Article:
1824 – Buckland Presents Megalosaurus
On this date in 1824, the world changed. Reverend William Buckland presented a paper to the Geological Society that outlined the discovery of mysterious bones in the English countryside. The paper was entitled “Notice on the Megalosaurus or Great Fossil Lizard of Stonesfield” and it is historically important because it represents the first scientific description of what would come to be known as a dinosaur.
Buckland’s descriptions of the gargantuan bones are tentative. He wrote “…in the hope that, imperfect as are the present materials, their communication to the public may induce those who possess other parts of the same reptile, to transmit to the Society such further information as may lead to a more complete elucidation of its osteology.”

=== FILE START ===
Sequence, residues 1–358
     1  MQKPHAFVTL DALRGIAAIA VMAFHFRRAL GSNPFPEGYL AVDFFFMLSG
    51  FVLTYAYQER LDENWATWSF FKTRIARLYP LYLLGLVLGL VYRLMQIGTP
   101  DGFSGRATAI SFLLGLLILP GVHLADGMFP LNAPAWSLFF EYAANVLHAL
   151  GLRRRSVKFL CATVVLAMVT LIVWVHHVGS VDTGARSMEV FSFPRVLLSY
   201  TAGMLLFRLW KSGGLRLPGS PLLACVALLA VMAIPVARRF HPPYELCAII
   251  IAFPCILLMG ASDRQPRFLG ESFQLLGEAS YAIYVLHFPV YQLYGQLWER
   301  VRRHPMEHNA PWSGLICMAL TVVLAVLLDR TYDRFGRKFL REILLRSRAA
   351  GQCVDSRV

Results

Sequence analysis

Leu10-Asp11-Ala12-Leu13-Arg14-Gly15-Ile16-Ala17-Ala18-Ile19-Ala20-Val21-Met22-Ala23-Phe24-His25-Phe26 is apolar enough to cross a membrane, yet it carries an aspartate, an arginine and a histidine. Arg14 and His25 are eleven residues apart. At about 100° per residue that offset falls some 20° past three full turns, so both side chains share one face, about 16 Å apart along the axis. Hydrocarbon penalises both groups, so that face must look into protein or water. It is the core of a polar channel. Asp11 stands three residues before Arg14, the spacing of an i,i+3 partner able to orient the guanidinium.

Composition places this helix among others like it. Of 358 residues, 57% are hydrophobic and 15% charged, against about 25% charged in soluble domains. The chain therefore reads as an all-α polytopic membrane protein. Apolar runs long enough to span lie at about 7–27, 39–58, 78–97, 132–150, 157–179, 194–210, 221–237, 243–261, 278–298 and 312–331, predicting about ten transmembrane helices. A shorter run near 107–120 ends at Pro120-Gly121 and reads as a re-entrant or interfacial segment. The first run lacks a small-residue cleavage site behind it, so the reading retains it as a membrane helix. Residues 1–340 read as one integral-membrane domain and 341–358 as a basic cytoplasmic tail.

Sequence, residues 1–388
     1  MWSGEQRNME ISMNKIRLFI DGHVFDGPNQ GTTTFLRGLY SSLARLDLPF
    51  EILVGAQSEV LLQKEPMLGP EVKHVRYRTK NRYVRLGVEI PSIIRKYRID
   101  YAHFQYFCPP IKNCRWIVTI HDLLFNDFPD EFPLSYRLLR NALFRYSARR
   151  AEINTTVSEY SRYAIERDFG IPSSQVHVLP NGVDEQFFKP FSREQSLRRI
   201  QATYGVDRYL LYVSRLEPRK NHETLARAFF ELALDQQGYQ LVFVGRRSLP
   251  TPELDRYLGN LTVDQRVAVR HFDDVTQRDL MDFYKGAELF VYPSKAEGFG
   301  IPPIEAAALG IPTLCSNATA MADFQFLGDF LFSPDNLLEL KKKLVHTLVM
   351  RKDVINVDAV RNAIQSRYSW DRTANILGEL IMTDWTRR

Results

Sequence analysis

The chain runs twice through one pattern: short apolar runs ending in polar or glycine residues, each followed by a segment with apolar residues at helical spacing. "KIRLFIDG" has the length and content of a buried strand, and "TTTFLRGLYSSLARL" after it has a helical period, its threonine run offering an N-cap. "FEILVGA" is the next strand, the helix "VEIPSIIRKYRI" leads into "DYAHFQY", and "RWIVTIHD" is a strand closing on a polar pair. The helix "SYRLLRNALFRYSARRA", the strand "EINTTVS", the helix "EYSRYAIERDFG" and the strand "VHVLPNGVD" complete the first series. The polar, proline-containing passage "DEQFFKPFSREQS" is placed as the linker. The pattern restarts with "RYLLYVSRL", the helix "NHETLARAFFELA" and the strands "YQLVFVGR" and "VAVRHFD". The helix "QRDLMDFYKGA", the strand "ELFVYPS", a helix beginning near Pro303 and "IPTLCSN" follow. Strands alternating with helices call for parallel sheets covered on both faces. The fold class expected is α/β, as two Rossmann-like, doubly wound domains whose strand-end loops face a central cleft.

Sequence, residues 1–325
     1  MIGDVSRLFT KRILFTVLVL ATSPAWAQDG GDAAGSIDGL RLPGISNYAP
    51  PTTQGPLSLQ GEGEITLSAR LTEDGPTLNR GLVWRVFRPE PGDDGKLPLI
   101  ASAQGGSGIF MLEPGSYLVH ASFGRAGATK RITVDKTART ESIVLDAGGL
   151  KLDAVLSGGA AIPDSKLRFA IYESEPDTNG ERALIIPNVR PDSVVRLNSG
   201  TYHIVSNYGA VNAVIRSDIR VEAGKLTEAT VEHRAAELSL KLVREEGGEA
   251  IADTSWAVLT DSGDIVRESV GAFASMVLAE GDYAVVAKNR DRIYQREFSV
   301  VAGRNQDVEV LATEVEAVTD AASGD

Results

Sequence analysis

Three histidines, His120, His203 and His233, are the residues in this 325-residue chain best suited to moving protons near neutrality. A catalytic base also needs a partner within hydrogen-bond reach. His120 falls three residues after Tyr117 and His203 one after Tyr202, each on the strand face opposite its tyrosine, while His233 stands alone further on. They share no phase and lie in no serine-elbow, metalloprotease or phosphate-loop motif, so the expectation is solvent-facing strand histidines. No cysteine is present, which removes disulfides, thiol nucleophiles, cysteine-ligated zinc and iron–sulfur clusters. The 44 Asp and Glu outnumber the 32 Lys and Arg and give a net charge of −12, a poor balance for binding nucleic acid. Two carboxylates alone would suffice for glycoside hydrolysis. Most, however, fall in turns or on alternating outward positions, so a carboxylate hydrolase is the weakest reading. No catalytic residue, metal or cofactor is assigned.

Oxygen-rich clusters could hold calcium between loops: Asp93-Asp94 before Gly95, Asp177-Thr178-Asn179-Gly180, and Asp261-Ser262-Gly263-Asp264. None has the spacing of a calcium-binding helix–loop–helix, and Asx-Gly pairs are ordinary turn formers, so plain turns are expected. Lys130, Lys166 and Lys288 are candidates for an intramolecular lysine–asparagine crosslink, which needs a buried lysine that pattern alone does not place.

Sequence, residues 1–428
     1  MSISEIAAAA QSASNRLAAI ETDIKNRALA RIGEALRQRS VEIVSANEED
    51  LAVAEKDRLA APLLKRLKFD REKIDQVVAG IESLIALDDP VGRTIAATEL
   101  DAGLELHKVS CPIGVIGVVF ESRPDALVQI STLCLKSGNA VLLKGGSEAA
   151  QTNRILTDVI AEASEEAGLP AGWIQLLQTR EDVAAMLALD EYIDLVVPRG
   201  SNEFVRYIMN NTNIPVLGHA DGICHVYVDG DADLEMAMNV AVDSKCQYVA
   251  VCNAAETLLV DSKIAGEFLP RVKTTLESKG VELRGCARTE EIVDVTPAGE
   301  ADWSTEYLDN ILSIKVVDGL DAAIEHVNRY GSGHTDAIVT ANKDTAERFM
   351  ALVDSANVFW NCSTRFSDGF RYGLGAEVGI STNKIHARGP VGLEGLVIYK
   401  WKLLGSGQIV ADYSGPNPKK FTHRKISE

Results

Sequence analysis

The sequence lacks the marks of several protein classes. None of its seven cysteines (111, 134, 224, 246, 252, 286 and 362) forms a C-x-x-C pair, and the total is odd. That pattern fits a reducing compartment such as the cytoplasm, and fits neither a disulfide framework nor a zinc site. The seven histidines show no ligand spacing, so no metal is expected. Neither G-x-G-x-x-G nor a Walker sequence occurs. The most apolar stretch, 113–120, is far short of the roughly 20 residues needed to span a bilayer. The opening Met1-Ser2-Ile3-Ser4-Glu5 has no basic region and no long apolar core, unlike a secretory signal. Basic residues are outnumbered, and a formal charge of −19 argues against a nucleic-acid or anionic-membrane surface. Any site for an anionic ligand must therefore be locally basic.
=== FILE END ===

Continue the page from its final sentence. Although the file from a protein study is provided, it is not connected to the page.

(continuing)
Having not a great deal of information on which to base his ideas, Buckland estimated his Megalosaurus to be sixty to seventy feet long and its height to be that of the largest elephants. We now know much more about Megalosaurus and recognize it as a bipedal carnivorous animal that bears no small resemblance to famous dinosaurs like Allosaurus and Tyrannosaurus–though it was well shy of 60 feet long. Surviving illustrations show the various parts of the skeleton Buckland had discovered, along with a very haunting lower jaw fragment.
This first description of a dinosaur marks the official start of humanity’s fascination with the great animals of the Mesozoic. In sounding the starting gun in the race for the past, William Buckland secured for himself and Megalosaurus a place in scientific history.